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From Our Editors
As he toiled away on the assembly line at Ford Motor Company, autoworker Karl Kurz dreamed of opening a traditional German tavern like those he remembered from his hometown of Weikersheim, Germany. In 1933, he finally got his chance, working nights and weekends to convert a dilapidated Chinese hand laundry into a tiny bar that he called the Dakota Inn Rathskeller.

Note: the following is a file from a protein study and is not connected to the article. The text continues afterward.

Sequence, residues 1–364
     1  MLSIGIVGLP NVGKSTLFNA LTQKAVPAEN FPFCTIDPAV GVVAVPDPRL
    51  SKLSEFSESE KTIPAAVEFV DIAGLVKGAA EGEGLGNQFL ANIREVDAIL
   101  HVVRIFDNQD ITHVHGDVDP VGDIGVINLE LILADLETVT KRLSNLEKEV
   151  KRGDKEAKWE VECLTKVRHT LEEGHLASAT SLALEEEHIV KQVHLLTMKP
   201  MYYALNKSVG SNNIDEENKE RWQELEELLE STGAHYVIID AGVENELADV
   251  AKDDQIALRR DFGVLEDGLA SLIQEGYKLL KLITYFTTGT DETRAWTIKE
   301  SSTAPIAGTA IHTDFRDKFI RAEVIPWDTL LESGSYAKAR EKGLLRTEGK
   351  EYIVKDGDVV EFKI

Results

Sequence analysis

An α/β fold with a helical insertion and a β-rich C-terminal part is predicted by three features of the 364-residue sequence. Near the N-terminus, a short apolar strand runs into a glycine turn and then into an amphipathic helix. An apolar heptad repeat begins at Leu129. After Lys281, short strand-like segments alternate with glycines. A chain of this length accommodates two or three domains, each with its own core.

Eighty years later, the Rathskeller—now run by Karl's grandson—has expanded from three tiny stools to 2,000 square feet. The eclectic décor pays tribute to Karl's memory: trophy animal heads and RV hood ornaments seized during family hunting trips decorate the walls, and hand-painted murals depict scenes from Karl's life, including a rabbit hunt and a group of friends downing enormous mugs of beer. Through arched porticos, waiters in traditional German-style garb deliver Bavarian bratwurst, pork schnitzel, and German-style potato pancakes known as kartoffelpuffer. At night, the hand-carved walls reverberate with German drinking songs such as the “Schnitzelbank”—or woodworker’s bench—as if in tribute to Karl’s remodeling efforts.
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